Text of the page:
The Voile Splitboard skin is sturdy, grippy, and reliable. At first glance, we might have overlooked it because it appears largely unchanged from this brand's previous models of skins, follows conventional skin design, and is fairly heavy and bulky. Turns out that after a few months of use, this skin rose to the top of our review rankings due to the reliability of its glue and relative convenience of its attachment systems. Its higher than ideal weight, poorer glide, and bulk knocked it down in the rankings, but not enough to lose the top spot. The tail-less version of this skin saves you $30, but we wouldn't recommend it.
Voile Skins with Tail Clip Review
Compare prices at 2 resellers Pros: Durable, stellar grip, sturdy, easy to use, affordable, reliable glue, above average attachment, avoided glop in most conditions
Cons: Heavy, poor glide, bulky
Compare to Similar Products
Our Analysis and Test Results
The Voile Splitboard skins make a strong argument for simplicity, reliability, and grip. Cutting short a glorious day in the backcountry because your skins are failing is a major bummer; the odds of that occurring with these skins is low. Weight weenies and rando racers might want to look elsewhere as these don't glide super well and are heavier and bulkier than the lightest equipment out there.
This contender has a stellar grip and the nylon fur clings superbly to skin tracks. Straight ice is tough on any skin, but if there is any soft or textured snow available, these skins will do a great job ascending it. Comparing the climbing grip on all the skins in our review, this model measured about the same as the G3 High Traction skins. Both prioritize grip over glide and the associated tradeoffs that come with super grippy fur (namely added weight and bulk).
Additionally, the sturdiness of the nylon fur allows users to confidently cross short rock section without as much concern for their skin integrity as would be the case with a nylon/mohair mix skin. Another benefit of the relatively stiff and burly nylon skin material is that it helps maintain a solid connection near the nose of the splitboard where snow often sneaks in between the skin and the board. If any skin is applied incorrectly (with any gap in this area) or in particularly challenging conditions, snow will eventually find its way in here; the stiffness of these skins helps more than some of the softer skins in our review like the Jones Nomad.
This competitor prioritizes grip, which comes at the expense of glide. They are also noticeably slow when skiing down short hills and will stop the skinner faster than someone using mixed nylon/mohair skins like the Jones Nomad. This will be noticeable on longer days that involve significant amounts on low angle and rolling terrain. It will be less noticeable on shorter and steeper ascents. Newer splitboarders who perhaps bootpacked or snowshoed previously will be less likely to notice this poor glide since any glide is noticeable and appreciated relative to those forms of locomotion.
Ease of Use
It is only necessary to trim the width of these skins, as the tip and tail attachments come attached. The tail attachment provides for ample adjustment in order to allow for the skins to be shared between splitboards of the roughly the same length. When brand new, the glue on these skins sticks to itself quite strongly and does require significant force to pull it back apart again. The strip of tape in the middle of the base reduces the amount of glue surface area and lessens the force needed. This tape also has the benefit that after a few seasons worth of use, when the glue starts to lose its sticking power, removing the tape will expose fresh glue underneath and revitalize the sticking power of the skins. The fairly high weight and large volume (when folded up) did cost these skins in the side-by-side comparison.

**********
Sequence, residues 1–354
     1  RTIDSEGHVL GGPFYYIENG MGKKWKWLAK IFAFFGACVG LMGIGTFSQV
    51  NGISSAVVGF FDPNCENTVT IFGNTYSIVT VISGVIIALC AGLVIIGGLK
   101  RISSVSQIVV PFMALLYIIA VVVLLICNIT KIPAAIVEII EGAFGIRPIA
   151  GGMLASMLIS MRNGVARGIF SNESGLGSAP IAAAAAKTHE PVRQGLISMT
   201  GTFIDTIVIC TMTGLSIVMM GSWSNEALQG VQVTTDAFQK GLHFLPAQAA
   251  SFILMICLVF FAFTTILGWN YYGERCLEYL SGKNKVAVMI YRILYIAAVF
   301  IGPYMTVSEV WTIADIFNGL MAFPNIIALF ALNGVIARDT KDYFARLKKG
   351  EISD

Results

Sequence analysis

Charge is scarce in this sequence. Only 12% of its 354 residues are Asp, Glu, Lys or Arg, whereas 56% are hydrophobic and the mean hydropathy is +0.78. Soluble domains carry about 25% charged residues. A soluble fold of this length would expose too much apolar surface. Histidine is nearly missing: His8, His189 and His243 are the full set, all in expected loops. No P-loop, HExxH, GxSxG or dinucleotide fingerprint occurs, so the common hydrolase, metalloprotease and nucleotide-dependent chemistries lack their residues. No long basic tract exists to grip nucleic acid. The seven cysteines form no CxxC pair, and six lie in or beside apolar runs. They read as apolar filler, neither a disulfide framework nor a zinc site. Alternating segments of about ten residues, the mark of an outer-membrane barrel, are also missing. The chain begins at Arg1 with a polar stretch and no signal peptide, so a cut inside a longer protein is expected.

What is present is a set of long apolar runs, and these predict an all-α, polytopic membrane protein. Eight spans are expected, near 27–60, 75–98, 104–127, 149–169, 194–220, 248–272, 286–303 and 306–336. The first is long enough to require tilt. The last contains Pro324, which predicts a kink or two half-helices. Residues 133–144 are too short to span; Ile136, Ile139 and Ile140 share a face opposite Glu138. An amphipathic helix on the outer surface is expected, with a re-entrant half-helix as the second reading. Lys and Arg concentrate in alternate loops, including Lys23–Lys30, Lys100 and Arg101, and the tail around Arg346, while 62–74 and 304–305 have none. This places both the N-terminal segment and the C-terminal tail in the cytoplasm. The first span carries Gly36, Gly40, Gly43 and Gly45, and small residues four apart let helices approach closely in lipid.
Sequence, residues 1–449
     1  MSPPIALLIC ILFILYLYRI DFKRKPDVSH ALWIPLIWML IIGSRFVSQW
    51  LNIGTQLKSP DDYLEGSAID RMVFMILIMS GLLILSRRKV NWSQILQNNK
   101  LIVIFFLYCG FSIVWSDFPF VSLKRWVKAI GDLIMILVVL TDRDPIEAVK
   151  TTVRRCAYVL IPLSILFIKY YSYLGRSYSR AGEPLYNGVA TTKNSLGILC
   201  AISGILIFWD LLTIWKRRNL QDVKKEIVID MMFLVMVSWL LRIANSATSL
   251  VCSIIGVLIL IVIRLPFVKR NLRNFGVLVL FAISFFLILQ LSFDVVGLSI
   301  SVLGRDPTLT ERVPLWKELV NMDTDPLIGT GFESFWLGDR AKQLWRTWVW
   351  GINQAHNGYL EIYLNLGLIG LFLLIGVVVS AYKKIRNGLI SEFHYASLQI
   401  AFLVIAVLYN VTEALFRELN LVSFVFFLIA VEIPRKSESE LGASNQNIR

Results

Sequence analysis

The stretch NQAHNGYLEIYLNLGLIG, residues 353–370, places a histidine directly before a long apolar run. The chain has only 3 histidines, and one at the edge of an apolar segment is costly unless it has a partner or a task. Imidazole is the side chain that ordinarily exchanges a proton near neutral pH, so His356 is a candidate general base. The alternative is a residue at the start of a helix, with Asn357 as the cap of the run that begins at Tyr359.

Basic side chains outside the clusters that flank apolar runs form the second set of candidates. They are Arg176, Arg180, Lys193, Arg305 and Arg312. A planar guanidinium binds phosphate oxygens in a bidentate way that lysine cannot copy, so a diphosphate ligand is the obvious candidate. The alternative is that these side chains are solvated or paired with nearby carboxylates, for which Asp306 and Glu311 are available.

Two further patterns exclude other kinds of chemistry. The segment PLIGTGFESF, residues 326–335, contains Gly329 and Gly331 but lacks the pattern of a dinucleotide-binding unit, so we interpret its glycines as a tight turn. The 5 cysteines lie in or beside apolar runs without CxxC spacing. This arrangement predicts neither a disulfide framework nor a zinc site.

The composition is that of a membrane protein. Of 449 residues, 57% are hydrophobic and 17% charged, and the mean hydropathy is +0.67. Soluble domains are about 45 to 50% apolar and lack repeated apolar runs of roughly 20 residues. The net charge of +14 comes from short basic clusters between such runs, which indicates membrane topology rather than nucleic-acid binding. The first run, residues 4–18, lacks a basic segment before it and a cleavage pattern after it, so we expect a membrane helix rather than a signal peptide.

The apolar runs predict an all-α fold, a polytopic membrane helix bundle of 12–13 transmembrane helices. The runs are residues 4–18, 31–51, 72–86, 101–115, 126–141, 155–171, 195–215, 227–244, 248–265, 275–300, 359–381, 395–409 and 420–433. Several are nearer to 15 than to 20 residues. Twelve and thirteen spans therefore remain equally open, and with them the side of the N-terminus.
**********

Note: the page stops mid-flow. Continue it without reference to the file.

Glue and Glop
This model avoided glop in all but the most challenging of conditions. In those conditions, we found all the skins to suffer about equally with snow sticking to them. It appears that no skin manufacturer has found a truly functional way to avoid glop when the snow and air temperatures are conspiring to make it difficult. Stopping and scraping off the sticking snow and then rubbing a soft wax on the skins does reduce the issue at least temporarily.
These split skins are great choices for all splitboarders looking for a skin with strong grip that will withstand years of hard use. This model also makes sense for folks who know they are difficult on their equipment. If you have a penchant for skinning over rocks, these skins and their sturdy construction are a good choice. Because these skins provide strong grip at the expense of some glide, weight, and bulk, they are even better choices for newer splitboarders who will appreciate this grip, but won't notice the negatives.
Tied with the G3 Alpinist for most affordable skin in our review at $185, this contender gets high marks for value. We expect this skin to last for many seasons of use and thus the cheap price would become even more of a bonus down the road.
We spun around 180 degrees on the Voile Splitboard skins. Our first impression was that they appeared boring and lacked some of the pizazz offered by other skins in our review. After a season's worth of testing, we realized that pizazz is not necessarily a quality to look for in your climbing skins. These skins are tried and true and offered very exceptional performance. After experiencing issues with some of the other skins in our review, the steady reliability of this competitor was even more appreciated.
— David Reichel